An in vitro dual model of mycobacterial granulomas to investigate the molecular interactions between mycobacteria and human host cells

Authors

  • Marie-Pierre Puissegur,

    1. Department of Molecular Mechanisms of Mycobacterial Infections, Institut de Pharmacologie et de Biologie Structurale, CNRS UMR5089, 205, route de Narbonne, 31077 Toulouse, France.
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  • Catherine Botanch,

    1. Department of Molecular Mechanisms of Mycobacterial Infections, Institut de Pharmacologie et de Biologie Structurale, CNRS UMR5089, 205, route de Narbonne, 31077 Toulouse, France.
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  • Jean-Luc Duteyrat,

    1. Electron Microscopy Department, Rangueil Hospital Medical School, University of Toulouse, 31403 Toulouse, France.
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  • Georges Delsol,

    1. Department of Anatomy and Pathological Cytology, Purpan Hospital, 31300 Toulouse, France.
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  • Claude Caratero,

    1. Electron Microscopy Department, Rangueil Hospital Medical School, University of Toulouse, 31403 Toulouse, France.
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  • Frédéric Altare

    Corresponding author
    1. Department of Molecular Mechanisms of Mycobacterial Infections, Institut de Pharmacologie et de Biologie Structurale, CNRS UMR5089, 205, route de Narbonne, 31077 Toulouse, France.
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*E-mail frederic.altare@ipbs.fr; Tel. (+33) 5 61 17 54 63; Fax (+33) 5 61 17 59 94.

Summary

In the majority of individuals infected with Mycobacterium tuberculosis, the bacilli cause a long-term asymptomatic infection called latent tuberculosis, a state during which the bacilli reside within granulomas. Latently infected individuals have around 10% risk of progression to clinical disease at a later stage. Determining the state of the mycobacteria and the host cells during this latent phase, i.e. within the granulomas, would greatly improve our understanding of the physiopathology of tuberculosis, and thus enable the development of new therapeutic means to treat the one-third of the world's population who are latently infected. We have developed an in vitro model of human mycobacterial granulomas, enabling the cellular and molecular analysis of the very first steps in the host granulomatous response to either mycobacterial compounds or live mycobacterial species. In vitro mycobacterial granulomas mimic natural granulomas very well, with the progressive recruitment of macrophages around live bacilli or mycobacterial antigen-coated beads, their differentiation into multinucleated giant cells and epithelioid cells, and the final recruitment of a ring of activated lymphocytes. Besides morphological similarities, in vitro granulomas also functionally resemble natural ones, with the development of intense cellular co-operation and intracellular mycobactericidal activities.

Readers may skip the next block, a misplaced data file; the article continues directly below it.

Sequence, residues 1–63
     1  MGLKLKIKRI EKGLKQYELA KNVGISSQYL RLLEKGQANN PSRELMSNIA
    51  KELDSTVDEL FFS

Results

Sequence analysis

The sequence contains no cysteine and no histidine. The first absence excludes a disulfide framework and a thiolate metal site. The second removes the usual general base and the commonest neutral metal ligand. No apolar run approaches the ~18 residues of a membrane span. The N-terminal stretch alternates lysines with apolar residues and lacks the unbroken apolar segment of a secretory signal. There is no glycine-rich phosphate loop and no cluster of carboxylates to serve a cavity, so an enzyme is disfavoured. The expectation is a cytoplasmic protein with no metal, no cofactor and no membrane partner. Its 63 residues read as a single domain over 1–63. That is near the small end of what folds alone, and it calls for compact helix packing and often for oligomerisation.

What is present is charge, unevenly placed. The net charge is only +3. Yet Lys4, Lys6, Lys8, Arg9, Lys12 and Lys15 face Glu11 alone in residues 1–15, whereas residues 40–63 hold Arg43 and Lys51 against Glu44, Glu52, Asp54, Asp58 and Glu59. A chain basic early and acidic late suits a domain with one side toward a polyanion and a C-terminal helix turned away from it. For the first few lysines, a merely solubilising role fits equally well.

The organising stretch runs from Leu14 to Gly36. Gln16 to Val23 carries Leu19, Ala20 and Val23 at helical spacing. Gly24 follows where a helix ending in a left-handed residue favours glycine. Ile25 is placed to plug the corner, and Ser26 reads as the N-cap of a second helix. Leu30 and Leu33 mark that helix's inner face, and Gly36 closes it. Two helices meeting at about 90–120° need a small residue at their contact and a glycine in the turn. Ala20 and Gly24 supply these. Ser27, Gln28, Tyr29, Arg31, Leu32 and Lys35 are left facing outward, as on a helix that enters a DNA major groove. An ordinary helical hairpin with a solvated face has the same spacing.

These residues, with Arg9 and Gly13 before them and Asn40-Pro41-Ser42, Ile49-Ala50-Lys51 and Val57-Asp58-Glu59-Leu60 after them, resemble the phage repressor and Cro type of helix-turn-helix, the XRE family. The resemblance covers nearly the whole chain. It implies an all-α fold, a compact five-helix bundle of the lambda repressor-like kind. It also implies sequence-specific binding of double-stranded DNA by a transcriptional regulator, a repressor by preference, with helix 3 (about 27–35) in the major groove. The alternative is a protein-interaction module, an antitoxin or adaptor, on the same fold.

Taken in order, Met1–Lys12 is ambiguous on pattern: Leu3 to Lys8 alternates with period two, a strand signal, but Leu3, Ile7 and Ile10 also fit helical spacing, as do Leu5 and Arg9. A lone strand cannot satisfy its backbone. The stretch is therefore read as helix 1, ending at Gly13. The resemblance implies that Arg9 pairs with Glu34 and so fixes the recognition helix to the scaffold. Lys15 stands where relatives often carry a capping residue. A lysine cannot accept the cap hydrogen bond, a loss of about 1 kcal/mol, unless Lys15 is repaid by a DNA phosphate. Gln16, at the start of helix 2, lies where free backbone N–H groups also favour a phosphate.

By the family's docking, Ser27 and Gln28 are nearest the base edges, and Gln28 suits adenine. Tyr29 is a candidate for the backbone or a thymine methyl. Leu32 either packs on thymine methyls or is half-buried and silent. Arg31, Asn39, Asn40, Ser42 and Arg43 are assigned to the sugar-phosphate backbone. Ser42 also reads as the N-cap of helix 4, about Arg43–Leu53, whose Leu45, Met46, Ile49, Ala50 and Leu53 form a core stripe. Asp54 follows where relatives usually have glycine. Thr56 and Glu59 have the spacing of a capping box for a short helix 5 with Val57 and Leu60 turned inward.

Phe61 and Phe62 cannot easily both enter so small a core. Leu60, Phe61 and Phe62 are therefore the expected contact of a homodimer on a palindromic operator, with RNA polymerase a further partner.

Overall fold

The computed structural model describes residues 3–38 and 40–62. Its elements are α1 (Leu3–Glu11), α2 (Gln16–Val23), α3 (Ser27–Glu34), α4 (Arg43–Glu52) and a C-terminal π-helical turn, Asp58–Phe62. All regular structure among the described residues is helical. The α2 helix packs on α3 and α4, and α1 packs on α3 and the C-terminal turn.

Introduction

Tuberculosis is one of the major causes of mortality in the world with around 2–3 million deaths every year (Dye et al., 1999). This disease is caused by Mycobacterium tuberculosis, an acid-fast bacillus transmitted primarily via the respiratory route. The inhaled bacilli arrive in lung alveoli where they are thought to enter and replicate within alveolar macrophages. Cytokine and chemokine production by the infected lung macrophages triggers an inflammatory response leading to the recruitment of blood and tissue macrophages and lymphocytes at the infectious site. This cellular accumulation around the bacilli, called tuberculous granuloma, is the histological hallmark of tuberculosis. Granulomas mainly contain blood-derived macrophages, epithelioid cells (differentiated macrophages), multinucleated giant cells, also called giant Langhans cells (fused macrophages), surrounded by a rim of T lymphocytes (Saunders and Cooper, 2000; Toossi and Ellner, 2001). Their major function is now generally considered to be the containment of the infection to a localized area, thus avoiding bacterial spread to surrounding healthy tissues and to other organs, but also to concentrate the immune response to a limited infectious area (Saunders et al., 1999).

In the majority of cases, M. tuberculosis establishes latency, a period during which infected individuals do not develop clinical disease. The bacteria remain in a kind of dormant stage, from which they can reactivate, in 5–10% of infected individuals, at a later stage (Parrish et al., 1998; Glickman and Jacobs, 2001). Latency can thus be considered as an equilibrium state between the host immune response and the bacillus. The host develops a strong primary immune response, culminating with the formation of granulomatous lesions, which are very effective, at least in restraining M. tuberculosis, but do not allow complete eradication of the bacilli. On its part, the mycobacteria appears to have elaborated a series of evasion strategies, as it happens to persist within the granuloma from which it is able to reactivate and give rise to clinical disease (Sandor et al., 2003). The complex balance between latency and reactivation seems to be the key element of M. tuberculosis pathogenesis, and the granulomatous lesion appears to be the battlefield where the interplay between the host immune response and the bacillus takes place.